With the help of the French NGO “Fraternité en Irak” (Brotherhood with Iraq), Father Jacob Youssef Hasso Isso is working on the reconstruction of Mar Behnam which ISIS attempted to blow up. It is an important place for Christians in the area and is also a Muslim pilgrimage site.
“I always celebrate Mass, even if there’s no one here”, says forty-six-year-old Fr Jacob.
Here in his monastery dedicated to Behnam and Sarah, two fourth-century martyrs, he continues his work tirelessly but with apprehension. In June 2014, terrorists set up a base in Al-Khidr, the small Arab village opposite the monastery.
“We stayed here for forty days with ISIS just over there”, he says.
Then on 20 July, the terrorists allowed the monks to leave.
Liberation of the Nineveh plains in the autumn of 2016 didn’t bring an end to Jacob’s exile. He took refuge in Kurdish Iraq for a long time before coming back to the monastery for the first time last December after Al-Khidr was taken back. Since August he has been going back every day, but he hasn’t yet spent the night in his monk’s cell. Every night he goes back to Qaraqosh, twenty kilometers to the north.
He carries the sacristy in a small grey suitcase, which also contains a chalice, his chasuble and meticulously folded pieces of altar cloths. That morning, he celebrated Mass for a handful of soldiers guarding the monastery.
Gradually, the sound of his chanting breathes life back into the 12th-century church which was ransacked by ISIS. On one wall is a damaged high-relief sculpture of Saint Behnam holding a sword upon a horse. Another smaller one has gone completely.
At least the sculpted vaults, the doors and black marble columns of this example of Atabeg architecture [which takes its name from the Turkish dynasty that ruled Mesopotamia from the 12th century] are still intact.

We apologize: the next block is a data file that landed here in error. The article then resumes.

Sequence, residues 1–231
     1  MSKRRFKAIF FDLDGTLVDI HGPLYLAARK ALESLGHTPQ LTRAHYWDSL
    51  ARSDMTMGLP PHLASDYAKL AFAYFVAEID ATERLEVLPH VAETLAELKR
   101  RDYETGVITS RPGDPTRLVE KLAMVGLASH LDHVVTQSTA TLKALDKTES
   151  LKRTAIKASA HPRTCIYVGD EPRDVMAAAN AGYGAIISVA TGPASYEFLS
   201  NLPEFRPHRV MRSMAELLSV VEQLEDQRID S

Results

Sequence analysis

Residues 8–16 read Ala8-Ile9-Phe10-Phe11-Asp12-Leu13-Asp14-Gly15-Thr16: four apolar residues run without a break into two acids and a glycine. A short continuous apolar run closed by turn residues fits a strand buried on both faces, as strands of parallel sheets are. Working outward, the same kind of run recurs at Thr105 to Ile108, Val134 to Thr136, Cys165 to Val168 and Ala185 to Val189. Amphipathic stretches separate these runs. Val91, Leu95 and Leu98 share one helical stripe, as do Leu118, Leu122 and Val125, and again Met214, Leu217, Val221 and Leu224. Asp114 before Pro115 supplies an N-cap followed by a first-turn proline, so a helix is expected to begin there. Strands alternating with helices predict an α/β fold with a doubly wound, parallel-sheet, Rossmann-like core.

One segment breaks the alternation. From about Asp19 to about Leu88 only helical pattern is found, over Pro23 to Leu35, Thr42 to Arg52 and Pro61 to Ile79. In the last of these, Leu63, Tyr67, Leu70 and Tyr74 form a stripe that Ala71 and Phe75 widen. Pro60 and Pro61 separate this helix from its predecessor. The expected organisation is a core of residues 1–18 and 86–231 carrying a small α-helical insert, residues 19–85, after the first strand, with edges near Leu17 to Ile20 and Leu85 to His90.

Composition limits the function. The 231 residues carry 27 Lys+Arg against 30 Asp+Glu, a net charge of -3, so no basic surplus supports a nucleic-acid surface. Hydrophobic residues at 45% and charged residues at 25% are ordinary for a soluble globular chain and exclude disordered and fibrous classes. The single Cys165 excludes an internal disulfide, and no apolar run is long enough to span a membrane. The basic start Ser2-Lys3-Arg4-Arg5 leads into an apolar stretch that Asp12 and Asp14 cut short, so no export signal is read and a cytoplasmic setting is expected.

Outside, the graffiti left by the terrorists has been removed. The courtyard is filled with rubble from the dome of Saint Behnam’s tomb, which was blown up by ISIS in March 2015. The French organization Brotherhood with Iraq (Fraternité en Iraq) is funding and coordinating reconstruction work.
They were contacted by Bishop Abdelsalam Simaan, 68, originally from Qaraqosh. He is a retired archeologist and is overseeing the clearing works.
“I don’t want it to be more beautiful or grand, but more authentic,” he says.
Over the summer, he sorted through the precious gypsum bricks from the old part of the dome. Built into the hillside, the mortuary chapel was left almost completely intact. The monks removed the relics and have stored them safely in the bishopric.
“ISIS put nineteen barrels of explosives inside, which were left unexploded”, says the archaeologist.
The canisters filled with homemade explosives line the wall waiting for bomb-disposal experts to take them away.
For safely, the guards have been ordered not to allow either Christian or Muslim visitors inside. Mar Behnam is a pilgrimage site for Muslims too. They come here to pay homage to Al-Khidr (“the Green” or “the Verdant”), a mysterious figure highly revered in Sufism, a mystical branch of Islam.
“There was no wall around the monastery before 1984,” says the village leader, 49-year-old Mahmoud Ahmed Omar Abdallah.
Muslims worked the land and took care of the monk’s livestock. There used to be twenty-five Christian families living in Al-Khidr.
Both the building and this united community have been destroyed and now have to be reconstructed.
But the archeologist, Abdelsalam, is optimistic.
“You’ll see thousands of people come back here on the monastery’s feast day [December 10th],” he predicted.
Source: La Croix